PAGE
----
▶ GCC states fol­low Wash­ing­ton in co-or­di­nat­ing ac­tion against mil­i­tant group’s leader Hasan Nas­ral­lah and nine oth­ers, in­clud­ing linked groups

The National - News - - NEWS - JOYCE KARAM Wash­ing­ton DAVID ENDERS Beirut

The United States on Thurs­day im­posed sanc­tions on two in­di­vid­u­als and five en­ti­ties linked to Hezbol­lah, step­ping up pres­sure on the Iran-backed Le­banese group.

The sanc­tions come a day af­ter the Wash­ing­ton and Gulf Arab coun­tries jointly sanc­tioned Hezbol­lah leader Has­san Nas­ral­lah and nine other in­di­vid­u­als or en­ti­ties.

The US Trea­sury iden­ti­fied the in­di­vid­u­als sanc­tioned on Thurs­day as Mo­ham­mad Bazzi and Ab­dal­lah Safi Al Din, but gave no fur­ther de­tails.

The Trea­sury on Wed­nes­day placed ad­di­tional sanc­tions on the group’s sec­re­tary gen­eral. For the first time, the US also named the party’s deputy head, Naim Qassem, who han­dles much of the group’s lo­cal po­lit­i­cal deal­ings.

The sanc­tions were an­nounced in part­ner­ship with Saudi Ara­bia, the co-chair of the Ter­ror­ist Fi­nanc­ing Tar­get­ing Cen­tre, which was formed last year, and the other TFTC mem­ber states. The UAE, Bahrain, Oman and Qatar also im­posed those sanc­tions in full.

The Na­tional learnt that Kuwait re­frained from des­ig­nat­ing Mr Nas­ral­lah but joined in the sanc­tions on the nine other in­di­vid­u­als and groups on the list. As well as the two se­nior lead­ers, the sanc­tions in­clude the head of the party’s ju­di­cial coun­cil, se­nior ad­vis­ers, se­nior com­man­ders and Talal Hamiyah, the head of the or­gan­i­sa­tion that han­dles Hezbol­lah’s ac­tiv­i­ties over­seas.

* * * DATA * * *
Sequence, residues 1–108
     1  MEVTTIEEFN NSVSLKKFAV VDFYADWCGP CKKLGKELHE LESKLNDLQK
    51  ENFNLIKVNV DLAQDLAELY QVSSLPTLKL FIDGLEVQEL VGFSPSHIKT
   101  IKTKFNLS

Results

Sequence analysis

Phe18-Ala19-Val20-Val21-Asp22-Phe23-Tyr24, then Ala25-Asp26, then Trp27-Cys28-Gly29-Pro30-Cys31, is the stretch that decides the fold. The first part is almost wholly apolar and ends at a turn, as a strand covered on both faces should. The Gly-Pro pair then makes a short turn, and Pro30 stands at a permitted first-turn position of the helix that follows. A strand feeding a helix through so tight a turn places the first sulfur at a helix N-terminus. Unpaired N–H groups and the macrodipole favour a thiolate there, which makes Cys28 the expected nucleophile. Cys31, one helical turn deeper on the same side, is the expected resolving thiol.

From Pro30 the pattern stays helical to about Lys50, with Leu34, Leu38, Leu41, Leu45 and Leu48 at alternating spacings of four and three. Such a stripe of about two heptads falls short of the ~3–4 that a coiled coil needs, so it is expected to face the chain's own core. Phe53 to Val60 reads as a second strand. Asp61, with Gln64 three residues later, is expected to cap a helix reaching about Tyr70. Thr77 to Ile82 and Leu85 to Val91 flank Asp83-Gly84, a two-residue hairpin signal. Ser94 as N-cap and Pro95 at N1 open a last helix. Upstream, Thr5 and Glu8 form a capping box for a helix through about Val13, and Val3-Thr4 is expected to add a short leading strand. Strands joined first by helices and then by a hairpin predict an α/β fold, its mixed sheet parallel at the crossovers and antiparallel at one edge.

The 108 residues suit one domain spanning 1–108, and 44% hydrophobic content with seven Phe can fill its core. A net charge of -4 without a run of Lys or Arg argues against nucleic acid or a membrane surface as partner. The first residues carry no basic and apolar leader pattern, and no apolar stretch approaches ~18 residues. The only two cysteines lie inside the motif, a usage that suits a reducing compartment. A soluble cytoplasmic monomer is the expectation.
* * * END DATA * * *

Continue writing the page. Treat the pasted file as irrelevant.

Although hit with pre­vi­ous sanc­tions, at least two of the three com­pa­nies ap­peared to still be oper­at­ing, but em­ploy­ees who an­swered the phone said no one was avail­able to speak about the des­ig­na­tions.

The new sanc­tions are the largest co-or­di­nated US-GCC ac­tion against Hezbol­lah since Mr Trump took of­fice.

Matthew Le­vitt, an ex­pert on sanc­tions and a for­mer US Trea­sury of­fi­cial who works at the Wash­ing­ton In­sti­tute for Near East Pol­icy, told The Na­tional that “the fact the GCC coun­tries – in­clud­ing Qatar – joined the US for most of these des­ig­na­tions fur­ther ex­poses the rift be­tween Sunni Arab states and Hezbol­lah”.

The joint ac­tion should be alarm­ing to the Le­banese gov­ern­ment, said Ni­cholas Heras, a fel­low at the Cen­tre for New Amer­i­can Se­cu­rity. “The USGulf co-or­di­na­tion is meant to be a pow­er­ful punch in the face to the sta­tus quo in Le­banon,” he said. The White House, Mr Heras said, has “de­cided to put Hezbol­lah in its crosshairs in a way that the Obama ad­min­is­tra­tion never dared to do”.

The tim­ing is not great for Le­banon. A new in­take of MPs are poised to take of­fice af­ter the coun­try’s first par­lia­men­tary elec­tion in nine years and the tor­tu­ous, months-long horse-trad­ing to form a new cab­i­net will start within days.

While Prime Min­is­ter Saad Hariri is ex­pected to re­tain his post, his Fu­ture Move­ment fared poorly at the polls. Hezbol­lah and other par­ties that had strong show­ings in the polls may well de­mand more prominent cab­i­net roles.